Dialog Box


The open-minded art and science of drug repurposing

 repurposing drugs



Beyond the headline stories of drugs for one condition, being applied successfully for another (think of Thalidomide being repurposed for leukaemia or good old Viagra that started off as a treatment for angina or hypertension) there is a significant body of work that is on the increase in repurposing, with huge potential for brain cancer.
Repurposed drugs are not only those that were unsuccessful for their intended target, like those above, but may be existing standard of care for other diseases. A project coming out of the Dana-Farber Cancer Institute and Boston Childrenís Hospital recently found a 50-year-old antipsychotic medication could work for a rare type of cancer called T-cell acute lymphoblastic leukemia (T-ALL). 

"The most fruitful basis for the discovery of a new drug is to start with an old drug."

Sir James Black, Nobel Laureate.

Antipsychotic drugs being used to combat glioblastoma


In the same vein, researchers at the University of California, San Diego School of Medicine have just discovered that anti-psychotic drugs possess tumour-killing activity against the most aggressive form of brain cancer, glioblastoma, also known as GBM.

The surprising finding was made when the UC San Diego team tested each gene in the human genome using a technique called shRNA (short for 'hairpin Ribonucleic Acids') to study its role in glioblastoma growth.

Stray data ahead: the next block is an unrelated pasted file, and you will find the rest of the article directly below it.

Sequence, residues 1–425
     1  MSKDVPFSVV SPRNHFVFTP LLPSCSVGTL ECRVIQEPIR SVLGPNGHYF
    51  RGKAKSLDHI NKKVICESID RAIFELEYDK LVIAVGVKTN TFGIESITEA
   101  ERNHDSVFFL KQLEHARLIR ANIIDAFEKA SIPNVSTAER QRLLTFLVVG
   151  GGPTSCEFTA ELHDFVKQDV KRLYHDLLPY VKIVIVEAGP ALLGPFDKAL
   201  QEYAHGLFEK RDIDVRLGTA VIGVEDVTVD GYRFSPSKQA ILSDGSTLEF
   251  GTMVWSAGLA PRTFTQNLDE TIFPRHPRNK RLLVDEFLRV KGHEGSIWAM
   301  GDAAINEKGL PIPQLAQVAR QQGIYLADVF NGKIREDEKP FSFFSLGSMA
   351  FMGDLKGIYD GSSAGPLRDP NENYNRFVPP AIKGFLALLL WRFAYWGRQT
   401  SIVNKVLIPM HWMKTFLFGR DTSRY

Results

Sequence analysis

Serendipity occasionally happens in science, and the researchers discovered something unexpected. It turned out that many of the same genes required for glioblastoma growth are also required for dopamine receptor function.


Dopamine is a neurotransmitter that is released by neurons and binds to the dopamine receptor in nearby neurons, enabling neuron-to-neuron communication. Abnormal dopamine regulation is associated with a number of neurological and psychiatric disorders including schizophrenia, attention deficit hyperactivity disorder (ADHD) and Parkinson's disease. Patients with these disorders are often prescribed dopamine antagonists that block (ëantagoniseí) dopamine receptors.  One particular dopamine antagonist, called haloperidol, has been in use for many decades as an antipsychotic treatment for the symptoms of schizophrenia.


Following the clues, the researchers tested the effects of dopamine antagonists against glioblastoma and found that the anti-psychotic drugs exerted significant anti-tumour effects both in cultured cells and mice with brain tumours.  And, when the drugs were tested in combination with other anti-glioblastoma drugs, the effects on tumour growth were synergistic.


The concept of using anti-psychotics to treat brain cancer is not new. Itís been known for some time that patients with schizophrenia have a lower incidence of cancer in comparison with the overall population, and this has been attributed to the drugs that these patients use to manage their disease. 


"On the clinical front, this new finding is important for two reasons. First, these drugs are already FDA-cleared for human use in the treatment of other diseases, so it is possible these drugs may be re-purposed for glioblastoma treatment, thereby bypassing years of pre-clinical testing. Second, these drugs have been shown to cross the blood-brain barrier, a barrier that prevents more than 90 percent of drugs from entry into the brain."